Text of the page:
What does a data analyst do?
As a data analyst, someone typically handles data coming from or going into a data warehouse or business intelligence system. They compile the reports, verify the quality (integrity), and use the data to assist executive- and senior-level staff to make informed company decisions. The work can also include information visualization, statistics, and/or database application design, depending on the needs of the organization.
Examples of data warehouses (possibly) include Salesforce, SQL Server 2008, Oracle 11i, and mySQL. These relational database management systems (RDMS) are custom-built specifically for organizations. The logic and programming for even a small database requires expert knowledge, and large ones can require many months and extensive planning. Data analysts often have some formal background in database logic, relational algebra/calculus, and programming, and assist the database developer in constructing a solid schema for the relational database.
When it comes to data, a huge part of the data analyst’s job includes programming in the computer language known as Structured Query Language (SQL). Each database system has its own varient or flavor of SQL, but there are basic rules with SQL that apply across the board. Many newer technologies include Hadoop, data warehousing, and Big Data analysis, which are at the cutting-edge of the data-science world in 2011.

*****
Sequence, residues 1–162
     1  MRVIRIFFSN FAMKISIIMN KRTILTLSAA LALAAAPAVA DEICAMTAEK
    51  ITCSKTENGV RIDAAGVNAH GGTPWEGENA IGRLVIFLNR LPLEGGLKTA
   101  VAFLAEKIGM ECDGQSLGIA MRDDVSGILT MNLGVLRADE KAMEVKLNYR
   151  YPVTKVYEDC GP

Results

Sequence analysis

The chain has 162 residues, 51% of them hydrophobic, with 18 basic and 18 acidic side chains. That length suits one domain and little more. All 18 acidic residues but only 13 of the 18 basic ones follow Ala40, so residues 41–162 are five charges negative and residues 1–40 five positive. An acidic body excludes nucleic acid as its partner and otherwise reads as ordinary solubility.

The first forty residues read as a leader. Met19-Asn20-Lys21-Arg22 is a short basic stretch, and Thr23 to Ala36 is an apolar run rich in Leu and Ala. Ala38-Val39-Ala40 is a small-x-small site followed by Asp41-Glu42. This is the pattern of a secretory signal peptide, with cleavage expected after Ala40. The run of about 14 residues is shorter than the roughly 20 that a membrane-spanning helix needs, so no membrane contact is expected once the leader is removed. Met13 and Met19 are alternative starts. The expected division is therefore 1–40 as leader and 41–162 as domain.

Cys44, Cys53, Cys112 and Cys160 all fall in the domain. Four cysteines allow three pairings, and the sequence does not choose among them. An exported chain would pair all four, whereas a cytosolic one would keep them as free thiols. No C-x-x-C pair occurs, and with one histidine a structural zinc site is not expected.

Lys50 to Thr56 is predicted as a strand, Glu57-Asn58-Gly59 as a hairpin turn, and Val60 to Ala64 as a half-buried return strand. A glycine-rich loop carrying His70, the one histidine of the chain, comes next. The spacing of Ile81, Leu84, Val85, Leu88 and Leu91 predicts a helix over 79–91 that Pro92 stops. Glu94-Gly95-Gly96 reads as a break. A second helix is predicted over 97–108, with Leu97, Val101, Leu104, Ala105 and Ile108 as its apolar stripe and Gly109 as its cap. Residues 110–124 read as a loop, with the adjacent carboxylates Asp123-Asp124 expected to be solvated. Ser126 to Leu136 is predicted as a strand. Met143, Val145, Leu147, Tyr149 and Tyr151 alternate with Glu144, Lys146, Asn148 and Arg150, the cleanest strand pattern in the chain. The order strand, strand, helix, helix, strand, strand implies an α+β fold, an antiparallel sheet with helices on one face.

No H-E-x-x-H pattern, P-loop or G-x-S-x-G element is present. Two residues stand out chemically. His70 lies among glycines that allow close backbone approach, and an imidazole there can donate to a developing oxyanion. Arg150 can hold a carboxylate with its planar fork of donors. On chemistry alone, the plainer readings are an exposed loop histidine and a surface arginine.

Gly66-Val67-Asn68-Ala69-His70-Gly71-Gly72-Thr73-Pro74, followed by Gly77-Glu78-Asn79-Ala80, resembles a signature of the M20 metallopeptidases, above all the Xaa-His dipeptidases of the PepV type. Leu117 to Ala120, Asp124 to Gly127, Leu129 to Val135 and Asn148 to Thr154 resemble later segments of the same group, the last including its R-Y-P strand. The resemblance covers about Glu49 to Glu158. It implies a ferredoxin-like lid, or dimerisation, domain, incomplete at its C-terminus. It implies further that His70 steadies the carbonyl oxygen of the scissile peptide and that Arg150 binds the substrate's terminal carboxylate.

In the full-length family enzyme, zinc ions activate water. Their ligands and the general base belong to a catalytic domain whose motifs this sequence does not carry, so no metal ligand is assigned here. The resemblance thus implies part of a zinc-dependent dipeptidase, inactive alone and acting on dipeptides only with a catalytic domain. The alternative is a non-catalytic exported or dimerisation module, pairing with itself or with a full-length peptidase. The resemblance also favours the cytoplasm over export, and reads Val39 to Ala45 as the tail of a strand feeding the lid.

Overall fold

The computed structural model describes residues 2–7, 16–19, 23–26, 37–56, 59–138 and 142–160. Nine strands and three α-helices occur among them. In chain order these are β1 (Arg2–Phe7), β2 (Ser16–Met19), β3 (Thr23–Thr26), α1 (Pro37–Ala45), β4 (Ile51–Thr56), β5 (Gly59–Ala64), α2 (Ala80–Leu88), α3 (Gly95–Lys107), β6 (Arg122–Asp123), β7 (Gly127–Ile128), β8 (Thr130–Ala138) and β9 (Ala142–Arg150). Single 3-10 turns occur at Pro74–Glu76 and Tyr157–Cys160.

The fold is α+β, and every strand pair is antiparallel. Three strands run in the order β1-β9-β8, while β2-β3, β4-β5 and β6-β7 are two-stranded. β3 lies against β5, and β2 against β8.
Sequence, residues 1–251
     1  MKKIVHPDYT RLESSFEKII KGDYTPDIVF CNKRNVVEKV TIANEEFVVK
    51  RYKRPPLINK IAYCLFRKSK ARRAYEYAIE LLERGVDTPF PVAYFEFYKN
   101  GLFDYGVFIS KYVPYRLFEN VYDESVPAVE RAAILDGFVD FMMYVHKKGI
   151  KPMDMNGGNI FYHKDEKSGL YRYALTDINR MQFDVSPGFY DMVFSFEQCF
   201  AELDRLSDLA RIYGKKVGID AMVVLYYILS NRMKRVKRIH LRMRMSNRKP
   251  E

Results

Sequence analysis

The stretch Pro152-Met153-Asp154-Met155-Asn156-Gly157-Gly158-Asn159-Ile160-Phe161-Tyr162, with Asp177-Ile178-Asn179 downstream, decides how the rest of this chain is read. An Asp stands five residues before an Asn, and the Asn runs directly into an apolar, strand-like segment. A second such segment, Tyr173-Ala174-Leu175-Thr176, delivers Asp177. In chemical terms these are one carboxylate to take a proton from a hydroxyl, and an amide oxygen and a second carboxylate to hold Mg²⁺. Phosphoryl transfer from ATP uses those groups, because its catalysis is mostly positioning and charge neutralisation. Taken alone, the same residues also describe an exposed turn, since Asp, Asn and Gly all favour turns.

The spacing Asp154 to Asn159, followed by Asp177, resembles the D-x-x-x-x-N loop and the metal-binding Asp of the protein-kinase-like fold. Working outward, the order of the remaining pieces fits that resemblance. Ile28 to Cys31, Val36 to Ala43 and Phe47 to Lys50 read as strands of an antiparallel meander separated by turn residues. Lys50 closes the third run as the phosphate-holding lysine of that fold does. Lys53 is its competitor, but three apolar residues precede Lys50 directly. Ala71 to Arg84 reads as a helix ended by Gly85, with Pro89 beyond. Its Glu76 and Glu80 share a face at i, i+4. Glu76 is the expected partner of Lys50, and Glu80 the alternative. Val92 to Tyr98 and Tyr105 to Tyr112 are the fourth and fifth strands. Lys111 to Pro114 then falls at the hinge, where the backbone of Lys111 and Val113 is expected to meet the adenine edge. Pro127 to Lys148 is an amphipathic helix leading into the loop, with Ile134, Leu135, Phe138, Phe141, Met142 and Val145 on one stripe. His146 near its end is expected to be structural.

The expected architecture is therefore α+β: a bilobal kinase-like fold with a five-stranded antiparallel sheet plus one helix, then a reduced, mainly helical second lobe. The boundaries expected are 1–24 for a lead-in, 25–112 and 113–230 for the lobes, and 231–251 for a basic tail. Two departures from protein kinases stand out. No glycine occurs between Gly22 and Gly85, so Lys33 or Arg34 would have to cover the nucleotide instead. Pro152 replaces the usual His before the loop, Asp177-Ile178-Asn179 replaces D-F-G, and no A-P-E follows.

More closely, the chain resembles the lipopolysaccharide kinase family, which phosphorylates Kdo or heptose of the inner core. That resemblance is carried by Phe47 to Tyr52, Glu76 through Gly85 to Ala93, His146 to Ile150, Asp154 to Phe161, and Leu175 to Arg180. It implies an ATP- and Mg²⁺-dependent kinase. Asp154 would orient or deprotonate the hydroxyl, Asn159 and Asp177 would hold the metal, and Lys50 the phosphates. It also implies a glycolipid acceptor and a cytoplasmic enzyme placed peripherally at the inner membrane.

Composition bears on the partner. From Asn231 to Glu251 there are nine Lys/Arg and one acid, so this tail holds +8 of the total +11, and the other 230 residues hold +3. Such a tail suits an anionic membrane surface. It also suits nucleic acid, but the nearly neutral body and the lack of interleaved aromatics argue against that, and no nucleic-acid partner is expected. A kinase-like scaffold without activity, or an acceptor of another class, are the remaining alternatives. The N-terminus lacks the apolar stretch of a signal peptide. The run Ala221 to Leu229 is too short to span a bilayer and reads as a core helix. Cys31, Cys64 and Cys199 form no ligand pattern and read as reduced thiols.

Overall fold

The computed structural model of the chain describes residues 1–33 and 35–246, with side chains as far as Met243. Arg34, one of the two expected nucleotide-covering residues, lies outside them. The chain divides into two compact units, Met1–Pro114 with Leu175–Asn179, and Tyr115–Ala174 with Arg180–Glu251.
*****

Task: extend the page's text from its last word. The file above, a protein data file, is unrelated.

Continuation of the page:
There are some evolutionary changes in data science – for instance, data mining has become a standard strategy for uncovering patterns. Data mining is heavily reliant on algorithms and statistical methods, which are used by applications such as RapidMiner, Weka, and/or R (the mathematics program), in order to discover knowledge.
In order to be a data analyst, it is almost always mandatory to have at least some college background. It is a rigorous field, much as any computer science-based occupation. Solid knowledge of current data techniques is vital, and being willing to continually upgrade and train for new skills and developments is also imperative. Having a background in mathemathics, computer science/information systems, statistics, finance, or economics will be a benefit; graduate school is also an option, and can assist with advancement.
- Too many cooks spoil the data warehouse broth (go.theregister.com)
- Tech job-seekers: Hadoop skills are in high demand (infoworld.com)
- Big Data Analytics: Trends to Watch For in 2012 (allthingsd.com)